now required? I make no other distinction than that which constitutional principles and relative necessity require. Beyond attending the caucuses of his party, introducing the before-mentioned speeches, and with some resolutions on business matters, and such like duties, Mr. Davis was one of the most quiet members of Congress. Of the war clouds which lowered over the country Mr. Davis, many years after his active life had closed, wrote: Texas having been annexed to the United States in 1845, and Mexico threatening to invade Texas with intent to recover the territory, General Taylor was ordered to defend Texas as a part of the United States. He proceeded with all his available force, about one thousand five hundred, to Corpus Christi. There he was joined by reinforcements of regulars and volunteers. Discussion had arisen as to whether the Nueces or the Rio Grande was the proper boundary of Texas. His political opinions, whatever they might be, were subordinate to the duty of
December 8th, 1845 AD (search for this): chapter 21
Chapter 21: Mr. Davis's first session in Congress. Mr. Davis took his seat as a member of the House of Representatives on Monday, December 8, 1845. On the 29th of the month he offered two resolutions — the first: That the Committee on Military Affairs be instructed to inquire into the expediency of converting a portion of the forts of the United States into schools for military instruction, on the basis of substituting their present garrisons of enlisted men by detachments furnished from each State of our Union, in ratio of their several representatives in the Congress of the United States. The second: Instructing the Committee on the Post-office and Post-roads to inquire into the expediency of establishing a direct daily mail route from Montgomery, Ala., to Jackson, Miss. With the presentation of these resolutions Mr. Davis for a time seemed satisfied. He remained in his seat, however, a keen observer of the forms of parliamentary procedure, and made
er he listened attentively once, and never again, unless pleased. Mr. Adams, when the debate was over, arose and said to one of the other members, We shall hear more of that young man, I fancy. While these amenities were at their height, Mr. Giddings showed a full set of gleaming teeth, and evidently enjoyed the little impromptu debate, not caring which got the worst of it. He seemed to think the slave-holders were given over to each other, and was willing to let them alone. On March II, 1846, Mr. Polk sent a message in which he declared a state of war already existing. Mr. Davis, in the House, simultaneously with Mr. Calhoun, in the Senate, neither knowing the other had made the point, announced that while the President could declare a state of hostilities the right to declare war rested alone with Congress, the agent of the States. The rate at which Federal power has encroached can be somewhat marked by this incident, which occurred in Congress at the time the first hostiliti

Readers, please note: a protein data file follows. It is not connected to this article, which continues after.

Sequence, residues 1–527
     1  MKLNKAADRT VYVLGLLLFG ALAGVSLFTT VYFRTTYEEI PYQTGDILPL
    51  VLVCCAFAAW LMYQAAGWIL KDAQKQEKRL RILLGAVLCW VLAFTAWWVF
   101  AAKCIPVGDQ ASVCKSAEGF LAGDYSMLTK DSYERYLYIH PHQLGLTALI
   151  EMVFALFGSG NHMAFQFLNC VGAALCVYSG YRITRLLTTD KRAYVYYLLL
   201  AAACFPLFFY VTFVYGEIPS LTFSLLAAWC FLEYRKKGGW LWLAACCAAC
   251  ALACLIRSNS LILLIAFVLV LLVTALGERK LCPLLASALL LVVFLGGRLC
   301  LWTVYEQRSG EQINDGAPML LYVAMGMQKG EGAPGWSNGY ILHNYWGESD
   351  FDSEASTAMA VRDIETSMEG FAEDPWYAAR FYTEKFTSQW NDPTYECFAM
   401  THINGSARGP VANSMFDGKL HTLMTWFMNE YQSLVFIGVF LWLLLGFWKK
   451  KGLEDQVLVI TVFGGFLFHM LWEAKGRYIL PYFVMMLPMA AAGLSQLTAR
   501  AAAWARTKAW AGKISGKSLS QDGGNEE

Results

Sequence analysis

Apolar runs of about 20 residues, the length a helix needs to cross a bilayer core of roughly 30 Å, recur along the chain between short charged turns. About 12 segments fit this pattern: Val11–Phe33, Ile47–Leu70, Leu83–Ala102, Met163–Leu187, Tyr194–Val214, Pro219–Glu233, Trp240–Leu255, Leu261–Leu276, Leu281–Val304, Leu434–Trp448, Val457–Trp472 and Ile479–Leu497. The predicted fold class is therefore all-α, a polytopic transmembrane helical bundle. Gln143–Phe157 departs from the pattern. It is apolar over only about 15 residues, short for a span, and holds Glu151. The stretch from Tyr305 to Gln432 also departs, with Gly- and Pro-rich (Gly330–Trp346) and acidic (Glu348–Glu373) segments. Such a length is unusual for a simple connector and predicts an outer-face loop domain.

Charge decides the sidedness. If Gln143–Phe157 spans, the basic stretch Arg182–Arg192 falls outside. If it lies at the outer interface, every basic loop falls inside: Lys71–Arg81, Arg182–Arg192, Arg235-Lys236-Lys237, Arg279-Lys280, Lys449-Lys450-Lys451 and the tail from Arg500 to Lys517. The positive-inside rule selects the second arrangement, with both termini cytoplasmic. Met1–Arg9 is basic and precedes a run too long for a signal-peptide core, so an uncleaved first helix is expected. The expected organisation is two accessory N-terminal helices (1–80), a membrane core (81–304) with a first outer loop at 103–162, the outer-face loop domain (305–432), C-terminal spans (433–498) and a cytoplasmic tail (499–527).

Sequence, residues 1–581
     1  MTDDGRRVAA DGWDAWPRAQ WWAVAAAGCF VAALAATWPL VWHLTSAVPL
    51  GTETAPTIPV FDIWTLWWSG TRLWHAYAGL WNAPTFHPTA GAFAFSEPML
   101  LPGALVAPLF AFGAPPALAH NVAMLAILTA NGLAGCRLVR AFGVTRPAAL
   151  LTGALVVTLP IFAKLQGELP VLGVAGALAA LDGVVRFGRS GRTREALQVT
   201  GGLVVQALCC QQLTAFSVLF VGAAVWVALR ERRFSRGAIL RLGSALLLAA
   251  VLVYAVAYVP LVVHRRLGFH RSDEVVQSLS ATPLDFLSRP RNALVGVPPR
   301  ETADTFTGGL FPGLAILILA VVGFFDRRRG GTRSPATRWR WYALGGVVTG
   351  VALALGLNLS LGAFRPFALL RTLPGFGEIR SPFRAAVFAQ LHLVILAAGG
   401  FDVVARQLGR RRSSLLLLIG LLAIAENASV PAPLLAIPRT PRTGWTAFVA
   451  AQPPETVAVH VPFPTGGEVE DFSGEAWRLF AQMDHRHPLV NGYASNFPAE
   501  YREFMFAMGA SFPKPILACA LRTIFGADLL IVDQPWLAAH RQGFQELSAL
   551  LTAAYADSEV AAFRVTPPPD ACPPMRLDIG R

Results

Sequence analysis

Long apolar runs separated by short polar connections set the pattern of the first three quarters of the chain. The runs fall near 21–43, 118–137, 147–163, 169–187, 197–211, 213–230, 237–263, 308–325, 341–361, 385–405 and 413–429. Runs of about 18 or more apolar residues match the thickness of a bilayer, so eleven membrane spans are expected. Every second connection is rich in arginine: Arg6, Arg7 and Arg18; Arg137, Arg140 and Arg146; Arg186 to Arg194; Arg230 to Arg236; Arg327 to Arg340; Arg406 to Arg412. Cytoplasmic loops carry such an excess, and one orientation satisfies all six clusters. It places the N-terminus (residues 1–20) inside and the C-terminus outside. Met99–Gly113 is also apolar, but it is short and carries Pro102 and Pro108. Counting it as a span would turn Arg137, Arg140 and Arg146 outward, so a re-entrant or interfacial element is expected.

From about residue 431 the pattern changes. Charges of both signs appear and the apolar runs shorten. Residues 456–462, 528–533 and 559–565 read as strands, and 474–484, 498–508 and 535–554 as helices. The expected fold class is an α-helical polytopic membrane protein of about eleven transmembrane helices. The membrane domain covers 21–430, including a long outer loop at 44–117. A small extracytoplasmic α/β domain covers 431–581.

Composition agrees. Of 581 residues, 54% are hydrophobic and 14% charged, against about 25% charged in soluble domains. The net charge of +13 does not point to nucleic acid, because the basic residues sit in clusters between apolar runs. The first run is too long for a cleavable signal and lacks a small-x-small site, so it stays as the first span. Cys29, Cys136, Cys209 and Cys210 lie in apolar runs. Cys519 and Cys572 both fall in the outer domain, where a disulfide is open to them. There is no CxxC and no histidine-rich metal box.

February 6th, 1846 AD (search for this): chapter 21
the Committee on the Post-office and Post-roads to inquire into the expediency of establishing a direct daily mail route from Montgomery, Ala., to Jackson, Miss. With the presentation of these resolutions Mr. Davis for a time seemed satisfied. He remained in his seat, however, a keen observer of the forms of parliamentary procedure, and made himself practically familiar with the questions likely to come up for discussion during the session. His first speech was successful. On February 6, 1846, on the Oregon question, in Committee of the Whole, he addressed the House. It seems needless at this late day to revive dead discussions and to elaborately explain political issues that have long since been settled. I shall therefore quote only such passages from the official reports as tend to illustrate traits of Mr. Davis's character or his subsequent political actions. In this speech Mr. Davis exhibited one characteristic that was never modified and often put to crucial tests
March 8th, 1846 AD (search for this): chapter 21
cal opinions, whatever they might be, were subordinate to the duty of a soldier to execute the orders of his Government, and without uttering it, he acted on the apothegm of Decatur, My country; right or wrong, my country. Texas claimed protection for her frontier; the President recognized the fact that Texas had been admitted into the Union with the Rio Grande as her boundary; and General Taylor was instructed to advance to the river. His force had been increased to 4,000, when, on March 8, 1846, he marched from Corpus Christi. He was of course conscious of the inadequacy of his division to resist such an army as Mexico might send against it; but, when ordered by superior authority, it was not for him to remonstrate. General Gaines, commanding the Western Division of the army, had made requisition for a sufficient number of volunteers to join General Taylor, but the Secretary of War countermanded them, except as to such as had already joined. General Taylor, after making a d
1 2 3 4 5 6 ...